While I am not sure where the phrase “one-man show” derived from, it was never more apparent where it needed to be used when the 1988 NCAA Final Four was taking place. Sure the Kansas Jayhawks will be the first to tell you that every player on that team contributed in some way to enable their improbable championship run, and by all accounts it is true. No one can ever discredit the makeup of a basketball team, (uh hum) a Larry Brown team especially, who worked hard to capture the NCAA Tournament title. Spin it how you like, but there is no denying it was a measure of Danny Manning’s excellence that so many perceived that group as “Danny and the Miracles.”
Possessing the skills of a small forward but with the height of a center, Manning was a stud in all four years in Lawrence, Kansas. Three-time Big Eight player of the year, two-time All-American, and once National Player of the Year. Of his 147 games played, 132 of them Manning scored in double figures, establishing a new conference points record. However, with all of the accolades and scoring prowess, Danny was not a dominant player during much of the 1987-88 campaign. The Jayhawks even experienced a losing streak that left them with a 12-8 record at one point. With a strong finish to the regular season, they were fortunate to even receive an invite to the big dance.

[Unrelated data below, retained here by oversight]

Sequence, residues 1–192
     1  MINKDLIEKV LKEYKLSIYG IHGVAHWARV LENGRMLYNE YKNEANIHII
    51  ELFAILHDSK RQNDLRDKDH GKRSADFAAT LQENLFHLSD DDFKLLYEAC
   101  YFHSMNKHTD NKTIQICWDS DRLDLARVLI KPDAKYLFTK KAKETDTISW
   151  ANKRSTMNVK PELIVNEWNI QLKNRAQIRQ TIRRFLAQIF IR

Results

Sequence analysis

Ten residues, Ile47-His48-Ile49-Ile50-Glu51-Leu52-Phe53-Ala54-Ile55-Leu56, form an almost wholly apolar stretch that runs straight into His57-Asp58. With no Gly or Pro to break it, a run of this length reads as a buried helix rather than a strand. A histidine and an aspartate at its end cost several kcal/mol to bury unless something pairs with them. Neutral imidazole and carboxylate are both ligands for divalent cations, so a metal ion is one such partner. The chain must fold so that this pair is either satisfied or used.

Entering the tournament no one had even given Kansas a snowball’s chance in hell to win. But this is before the light switch was clicked for number 25 who in the Sweet Sixteen began to sense an opportunity. Manning went on a tear scoring 38 points on 16-of-29 shooting against Vanderbilt. And while many noticed that the overall concept of team oriented Kansas was suddenly changing, there was nothing anyone could do to stop it. Larry Brown found an “Iverson-like” way to get his team to rally behind the one player who could get them to the promise land, and it worked.
Manning powered Kansas into the Final Four where he would average 28 points. He carried his squad from a 50-50 halftime tie to an 83-79 victory against a heavily-favored Oklahoma team in the tittle game with an incredible 31 point and 18 rebound performance. He simply stepped out of character and onto a stage where he did what he had to do in order to bring home the ultimate prize.
There have been 64 players in NCAA history who topped 2,500 career points. Danny Manning is only one of two with a championship ring (Tyler Hansbrough of North Carolina is the other). Of course he did not do it alone, but he sure did come close.